Original article

Scand J Work Environ Health 2008;34(6):444-450    pdf

https://doi.org/10.5271/sjweh.1296 | Issue date: 00 Dec 2008

Exposure to iron and welding fumes and the risk of lung cancer

by Siew SS, Kauppinen T, Kyyrönen P, Heikkilä P, Pukkala E

Objectives Exposure to iron fumes and dust and welding fumes is widespread and may increase the risk of lung cancer. The aim of this study was to identify associations between exposure to iron and welding fumes and the incidence of lung cancer among Finnish men.

Methods The cohort of all economically active Finnish men, born in 1906–1945, who participated in the national census in 1970 was followed through the Finnish Cancer Registry for lung cancer cases (N=30 137) during 1971–1995. Their census occupations in 1970 were converted to estimates of cumulative exposure to iron and welding fumes with the Finnish job-exposure matrix on the basis of likelihood, average level, and estimated duration of exposure. Relative risk estimates for categorized cumulative exposure were defined by a Poisson regression, adjusted for smoking, socioeconomic status, and exposure to asbestos and silica dust.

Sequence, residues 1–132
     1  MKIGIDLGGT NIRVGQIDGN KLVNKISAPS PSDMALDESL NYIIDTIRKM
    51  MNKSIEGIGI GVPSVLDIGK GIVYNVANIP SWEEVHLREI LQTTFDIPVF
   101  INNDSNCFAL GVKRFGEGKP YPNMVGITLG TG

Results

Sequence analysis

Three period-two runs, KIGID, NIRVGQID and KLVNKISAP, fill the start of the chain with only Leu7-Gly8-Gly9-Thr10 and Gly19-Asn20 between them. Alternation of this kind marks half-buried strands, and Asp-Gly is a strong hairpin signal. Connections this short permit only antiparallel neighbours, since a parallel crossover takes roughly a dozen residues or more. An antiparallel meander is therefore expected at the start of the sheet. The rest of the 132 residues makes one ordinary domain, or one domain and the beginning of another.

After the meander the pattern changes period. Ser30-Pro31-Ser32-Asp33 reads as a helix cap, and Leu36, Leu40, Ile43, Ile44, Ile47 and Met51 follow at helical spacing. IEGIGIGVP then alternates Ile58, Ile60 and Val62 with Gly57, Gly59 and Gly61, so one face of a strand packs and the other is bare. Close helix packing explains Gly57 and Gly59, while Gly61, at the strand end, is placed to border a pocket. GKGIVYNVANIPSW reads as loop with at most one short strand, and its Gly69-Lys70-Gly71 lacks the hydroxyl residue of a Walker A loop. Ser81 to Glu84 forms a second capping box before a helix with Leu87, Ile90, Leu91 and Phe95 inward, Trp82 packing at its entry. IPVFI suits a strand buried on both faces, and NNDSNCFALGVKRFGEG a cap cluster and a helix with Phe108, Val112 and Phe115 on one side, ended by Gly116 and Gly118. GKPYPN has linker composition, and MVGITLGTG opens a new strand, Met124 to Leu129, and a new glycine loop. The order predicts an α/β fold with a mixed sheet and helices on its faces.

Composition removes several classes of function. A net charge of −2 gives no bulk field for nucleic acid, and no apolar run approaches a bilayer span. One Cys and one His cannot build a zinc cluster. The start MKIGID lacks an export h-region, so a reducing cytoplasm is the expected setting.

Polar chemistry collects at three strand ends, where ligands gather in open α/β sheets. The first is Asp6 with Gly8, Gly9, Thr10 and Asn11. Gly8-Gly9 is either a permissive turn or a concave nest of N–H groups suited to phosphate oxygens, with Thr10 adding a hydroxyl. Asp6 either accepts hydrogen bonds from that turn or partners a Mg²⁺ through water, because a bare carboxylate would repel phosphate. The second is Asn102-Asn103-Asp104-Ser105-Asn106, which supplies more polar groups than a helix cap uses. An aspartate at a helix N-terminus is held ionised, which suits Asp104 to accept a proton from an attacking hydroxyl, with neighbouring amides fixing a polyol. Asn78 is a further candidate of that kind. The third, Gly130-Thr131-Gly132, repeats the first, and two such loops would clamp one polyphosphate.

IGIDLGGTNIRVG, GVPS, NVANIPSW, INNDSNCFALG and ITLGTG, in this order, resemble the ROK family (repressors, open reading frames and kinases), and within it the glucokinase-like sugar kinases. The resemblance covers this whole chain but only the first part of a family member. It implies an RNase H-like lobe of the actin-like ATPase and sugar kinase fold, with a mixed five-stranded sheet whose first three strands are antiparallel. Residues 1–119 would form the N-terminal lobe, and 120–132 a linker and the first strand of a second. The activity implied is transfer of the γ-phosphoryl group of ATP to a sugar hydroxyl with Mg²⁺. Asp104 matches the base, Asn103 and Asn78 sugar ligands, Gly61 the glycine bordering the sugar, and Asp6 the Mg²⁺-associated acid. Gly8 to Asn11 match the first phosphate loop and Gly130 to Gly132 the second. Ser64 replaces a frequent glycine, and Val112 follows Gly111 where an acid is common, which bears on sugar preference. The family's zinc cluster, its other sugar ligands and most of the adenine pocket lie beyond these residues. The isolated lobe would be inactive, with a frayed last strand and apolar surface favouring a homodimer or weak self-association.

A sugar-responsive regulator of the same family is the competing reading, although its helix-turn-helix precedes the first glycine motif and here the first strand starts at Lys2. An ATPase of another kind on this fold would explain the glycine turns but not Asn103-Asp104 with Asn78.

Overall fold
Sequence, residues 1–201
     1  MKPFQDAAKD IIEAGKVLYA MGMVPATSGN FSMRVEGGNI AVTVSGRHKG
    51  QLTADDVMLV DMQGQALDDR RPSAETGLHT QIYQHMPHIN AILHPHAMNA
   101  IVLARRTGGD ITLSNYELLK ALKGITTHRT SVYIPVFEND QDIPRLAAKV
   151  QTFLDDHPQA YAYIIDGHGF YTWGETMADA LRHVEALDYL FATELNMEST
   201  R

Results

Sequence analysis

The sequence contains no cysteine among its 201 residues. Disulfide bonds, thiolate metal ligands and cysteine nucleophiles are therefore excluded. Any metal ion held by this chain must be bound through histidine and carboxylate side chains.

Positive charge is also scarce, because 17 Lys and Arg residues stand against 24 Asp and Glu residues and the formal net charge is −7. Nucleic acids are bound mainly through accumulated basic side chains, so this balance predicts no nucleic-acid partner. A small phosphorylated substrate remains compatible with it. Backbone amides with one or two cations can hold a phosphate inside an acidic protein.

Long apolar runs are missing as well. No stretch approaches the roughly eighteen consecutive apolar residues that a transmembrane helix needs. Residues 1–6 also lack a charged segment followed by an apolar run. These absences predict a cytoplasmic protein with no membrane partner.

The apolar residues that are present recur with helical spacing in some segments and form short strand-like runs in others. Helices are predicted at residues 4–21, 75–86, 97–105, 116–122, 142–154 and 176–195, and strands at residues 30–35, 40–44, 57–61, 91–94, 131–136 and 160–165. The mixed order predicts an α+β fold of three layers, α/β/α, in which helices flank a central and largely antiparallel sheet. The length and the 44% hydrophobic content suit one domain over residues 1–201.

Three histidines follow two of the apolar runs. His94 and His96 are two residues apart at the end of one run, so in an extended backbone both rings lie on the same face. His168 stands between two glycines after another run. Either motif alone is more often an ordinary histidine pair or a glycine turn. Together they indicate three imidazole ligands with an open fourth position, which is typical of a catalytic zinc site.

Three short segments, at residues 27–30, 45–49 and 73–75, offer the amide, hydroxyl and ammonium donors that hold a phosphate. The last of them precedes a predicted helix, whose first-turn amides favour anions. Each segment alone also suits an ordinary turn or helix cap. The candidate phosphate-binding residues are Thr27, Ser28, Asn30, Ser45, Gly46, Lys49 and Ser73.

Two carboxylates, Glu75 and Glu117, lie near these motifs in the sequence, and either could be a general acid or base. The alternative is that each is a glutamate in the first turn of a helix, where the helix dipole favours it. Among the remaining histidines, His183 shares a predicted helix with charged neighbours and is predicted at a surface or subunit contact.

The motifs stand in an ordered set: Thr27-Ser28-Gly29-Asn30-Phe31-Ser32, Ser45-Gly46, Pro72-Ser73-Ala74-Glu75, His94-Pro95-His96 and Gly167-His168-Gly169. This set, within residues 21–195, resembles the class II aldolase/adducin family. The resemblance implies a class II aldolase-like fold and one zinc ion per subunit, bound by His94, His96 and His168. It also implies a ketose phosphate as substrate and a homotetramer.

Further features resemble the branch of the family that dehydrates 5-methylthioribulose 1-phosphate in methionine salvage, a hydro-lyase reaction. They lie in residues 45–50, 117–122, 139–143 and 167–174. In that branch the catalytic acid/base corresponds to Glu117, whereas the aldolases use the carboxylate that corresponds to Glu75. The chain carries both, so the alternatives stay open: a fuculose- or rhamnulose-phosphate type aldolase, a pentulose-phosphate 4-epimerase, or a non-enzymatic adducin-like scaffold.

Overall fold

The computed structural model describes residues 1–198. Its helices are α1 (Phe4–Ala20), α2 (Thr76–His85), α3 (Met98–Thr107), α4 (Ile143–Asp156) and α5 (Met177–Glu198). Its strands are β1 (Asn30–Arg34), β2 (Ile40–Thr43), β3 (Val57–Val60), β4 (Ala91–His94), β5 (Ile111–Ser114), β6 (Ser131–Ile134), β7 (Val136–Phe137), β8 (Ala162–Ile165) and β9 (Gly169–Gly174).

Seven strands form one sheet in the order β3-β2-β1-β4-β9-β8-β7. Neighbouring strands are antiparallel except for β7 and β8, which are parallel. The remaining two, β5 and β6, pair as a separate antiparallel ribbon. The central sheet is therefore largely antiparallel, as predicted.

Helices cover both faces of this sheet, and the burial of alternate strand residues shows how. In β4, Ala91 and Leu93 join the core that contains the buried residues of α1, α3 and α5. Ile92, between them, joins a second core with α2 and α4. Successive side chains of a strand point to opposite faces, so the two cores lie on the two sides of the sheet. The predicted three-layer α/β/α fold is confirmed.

Results The relative risks for lung cancer increased as the cumulative exposure to iron and welding fumes increased. Relative risks in the highest exposure category was 1.35 [95% confidence interval (95% CI) 1.05–1.73] for iron and 1.15 (95% CI 0.90–1.46) for welding fumes. The respective relative risks estimated for squamous-cell carcinoma of the lungs were 1.94 (95% CI 1.35–2.78) and 1.55 (95% CI 1.08–2.24). There was no excess risk of small-cell carcinoma in any exposure category.

Conclusions Occupational exposure to iron and welding fumes was associated with an increase in lung cancer risk, mainly that of squamous-cell carcinoma. The simultaneous exposure to both of these agents and other potential work-related carcinogens complicates the interpretation of the independent roles of the risk factors.

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